Regulators Need to Start Innovating on the Regulatory Burden

  • JJ Hornblass
  • May 22, 2013
  • 6

shutterstock_125379404No one should be surprised that regulatory compliance concerns cast a long shadow over FinTech startups. What is surprising, however, is just how much longer is that shadow today.

If you want to create a FinTech startup today, you are advised to start your strategic thinking with a review of the Bank Secrecy Act of 1970, the Money Laundering Control Act of 1986, the Anti-Drug Abuse Act of 1988, the Annunzio-Wylie Anti-Money Laundering Act of 1992, the Money Laundering Suppression Act of 1994, the … well, you get the picture. What these confining regulatory demands do is confound the ability of startups to think creatively about possible financial products and services. And that’s bad for everyone.

Don’t get me, wrong — I am not advocating a weaker regulatory framework. I am, however, advocating for an easier regulatory framework. Last July, the Department of the Treasury held a competition called My Money AppUp. The competition, which included a grand prize of $10,000, sought out “the best ideas and designs for next-generation mobile tools to help Americans control and shape their financial futures.” The winner was Centz, which helps students manage their debt — a worthwhile app, for certain.

But is this the best use of Treasury funds and efforts when Silicon Valley is preoccupied with doing the same — and for the potential to “win” a lot more than $10,000? The short answer is no.

The regulatory agencies — Treasury, the Federal Deposit Insurance Corp, the Office of the Comptroller of the Currency, the Consumer Financial Protection Bureau, et al — should in measure, if not equal measure, consider ways to ease the regulatory burden (without eroding the regulatory framework).

You want a competition to run, Treasury, how about offering $10,000 to the idea that makes adherence to existing regulations easier for financial services companies? Throw a carrot into the marketplace for an idea that makes it simpler for a startup that wants to engage in financial services to, well, start up.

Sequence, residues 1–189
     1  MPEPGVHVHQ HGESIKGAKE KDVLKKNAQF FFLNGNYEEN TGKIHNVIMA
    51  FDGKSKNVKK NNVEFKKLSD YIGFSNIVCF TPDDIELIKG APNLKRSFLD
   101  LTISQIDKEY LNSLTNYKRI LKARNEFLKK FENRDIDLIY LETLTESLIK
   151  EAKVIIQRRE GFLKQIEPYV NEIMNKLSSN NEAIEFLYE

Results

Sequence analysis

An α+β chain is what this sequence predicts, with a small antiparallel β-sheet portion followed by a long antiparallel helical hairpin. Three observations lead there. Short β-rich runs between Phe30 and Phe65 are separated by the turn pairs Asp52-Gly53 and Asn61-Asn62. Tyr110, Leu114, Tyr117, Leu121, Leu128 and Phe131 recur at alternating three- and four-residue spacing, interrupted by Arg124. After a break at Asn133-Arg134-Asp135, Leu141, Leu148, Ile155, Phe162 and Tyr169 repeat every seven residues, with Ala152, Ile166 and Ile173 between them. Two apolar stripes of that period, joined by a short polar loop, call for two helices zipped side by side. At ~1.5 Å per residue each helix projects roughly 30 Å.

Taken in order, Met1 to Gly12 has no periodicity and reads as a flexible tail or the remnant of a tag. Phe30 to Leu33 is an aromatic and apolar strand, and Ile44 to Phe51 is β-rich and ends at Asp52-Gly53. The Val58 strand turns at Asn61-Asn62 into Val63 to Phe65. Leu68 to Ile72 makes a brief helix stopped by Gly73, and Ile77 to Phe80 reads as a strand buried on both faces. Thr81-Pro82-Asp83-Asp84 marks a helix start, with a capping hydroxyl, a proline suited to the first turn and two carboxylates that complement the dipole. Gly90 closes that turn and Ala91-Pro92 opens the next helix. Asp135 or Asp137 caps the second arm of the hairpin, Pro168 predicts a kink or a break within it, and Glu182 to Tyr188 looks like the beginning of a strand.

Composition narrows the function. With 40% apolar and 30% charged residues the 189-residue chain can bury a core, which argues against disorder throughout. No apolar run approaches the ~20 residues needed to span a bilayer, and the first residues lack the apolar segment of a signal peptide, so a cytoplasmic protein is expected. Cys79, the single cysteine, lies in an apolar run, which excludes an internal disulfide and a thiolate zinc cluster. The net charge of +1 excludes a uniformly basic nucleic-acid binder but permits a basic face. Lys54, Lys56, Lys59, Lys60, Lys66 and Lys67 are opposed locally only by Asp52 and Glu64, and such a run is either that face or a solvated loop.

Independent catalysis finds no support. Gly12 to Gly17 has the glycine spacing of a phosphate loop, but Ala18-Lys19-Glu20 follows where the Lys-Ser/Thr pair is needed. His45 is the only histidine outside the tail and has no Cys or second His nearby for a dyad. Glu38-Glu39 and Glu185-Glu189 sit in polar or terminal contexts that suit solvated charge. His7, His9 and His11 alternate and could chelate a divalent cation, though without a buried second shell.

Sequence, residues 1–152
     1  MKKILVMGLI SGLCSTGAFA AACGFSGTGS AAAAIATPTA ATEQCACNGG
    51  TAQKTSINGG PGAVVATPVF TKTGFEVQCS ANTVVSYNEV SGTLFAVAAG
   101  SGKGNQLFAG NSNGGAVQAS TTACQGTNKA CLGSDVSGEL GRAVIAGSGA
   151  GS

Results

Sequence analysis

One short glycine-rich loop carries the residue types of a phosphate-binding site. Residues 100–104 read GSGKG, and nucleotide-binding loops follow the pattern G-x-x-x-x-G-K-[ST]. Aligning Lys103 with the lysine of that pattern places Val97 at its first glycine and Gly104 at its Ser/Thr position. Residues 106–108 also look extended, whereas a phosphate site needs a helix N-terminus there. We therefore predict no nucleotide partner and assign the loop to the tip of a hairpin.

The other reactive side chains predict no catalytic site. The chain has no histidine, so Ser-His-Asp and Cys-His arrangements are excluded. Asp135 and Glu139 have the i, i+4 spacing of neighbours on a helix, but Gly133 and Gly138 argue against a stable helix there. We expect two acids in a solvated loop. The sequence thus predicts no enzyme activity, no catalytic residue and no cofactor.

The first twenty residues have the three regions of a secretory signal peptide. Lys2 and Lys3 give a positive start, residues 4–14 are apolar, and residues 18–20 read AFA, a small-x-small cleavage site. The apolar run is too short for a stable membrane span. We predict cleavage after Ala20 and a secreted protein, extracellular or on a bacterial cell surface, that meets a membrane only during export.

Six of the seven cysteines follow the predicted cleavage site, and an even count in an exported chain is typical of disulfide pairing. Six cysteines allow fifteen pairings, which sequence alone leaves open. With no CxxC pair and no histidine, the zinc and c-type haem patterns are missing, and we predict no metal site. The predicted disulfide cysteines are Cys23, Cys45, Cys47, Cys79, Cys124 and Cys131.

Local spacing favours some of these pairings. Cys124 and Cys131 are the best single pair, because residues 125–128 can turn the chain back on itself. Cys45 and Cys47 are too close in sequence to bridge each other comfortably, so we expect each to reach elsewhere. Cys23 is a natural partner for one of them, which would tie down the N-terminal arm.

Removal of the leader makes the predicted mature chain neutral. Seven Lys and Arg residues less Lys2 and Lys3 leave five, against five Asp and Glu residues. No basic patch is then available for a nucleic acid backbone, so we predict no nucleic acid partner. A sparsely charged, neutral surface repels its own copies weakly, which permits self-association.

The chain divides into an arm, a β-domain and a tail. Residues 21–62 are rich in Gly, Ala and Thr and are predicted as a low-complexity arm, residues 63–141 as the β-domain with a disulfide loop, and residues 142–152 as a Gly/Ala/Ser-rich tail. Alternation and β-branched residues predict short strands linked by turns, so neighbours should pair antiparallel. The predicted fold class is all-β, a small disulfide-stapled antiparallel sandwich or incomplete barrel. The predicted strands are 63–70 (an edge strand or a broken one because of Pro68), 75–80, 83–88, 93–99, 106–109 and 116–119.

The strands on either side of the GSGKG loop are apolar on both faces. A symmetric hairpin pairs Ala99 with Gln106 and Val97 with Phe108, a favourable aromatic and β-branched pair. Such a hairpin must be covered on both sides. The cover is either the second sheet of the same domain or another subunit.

(No word from the Treasury Department on whether iot will hold the AppUp competition again this summer.)

This is not just some fanciful, let’s-help-the-banks notion. The regulatory burden has a cost for every American, regardless of credit score. Regulators should take responsibility for that cost and endeavor to minimize it. I see no evidence of such an endeavor, particularly from the new CFPB. Well, I suppose regulators can ignore this call — if they want to squash FinTech startup engine, too.

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JJ started the first iteration of Bank Innovation back in 2007, and has been working on it ever since. He also serves as President & Chief Executive Officer of Royal Media, Bank Innovation’s parent. He founded Royal in 1995 and oversees all aspects of the New York-based diversified media company. Prior to forming Royal, JJ was on the editorial staff of American Banker, the daily newspaper, and worked as an editor of a business magazine in Hong Kong. As a reporter and editor, he has won journalism awards from the National Press Foundation, Newsletter & Electronic Publishers Foundation, and the Reader’s Digest Foundation. He has a BS in Economics from Yeshiva University and a Master’s from the Columbia University Graduate School of Journalism. He was also a Fellow at the University of Wisconsin-Madison Graduate School of Banking. He lives in New York City with his wife, two daughters, and son. He counts among his accomplishments one New York City Marathon, two New York City Triathlons and the 2010 Father’s Day 5K, the first race he ever ran with his daughters. He can be reached at or 212-564-8972.

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6 thoughts on “Regulators Need to Start Innovating on the Regulatory Burden

  1. Did someone just mention “government” and “innovation” in the same sentence?

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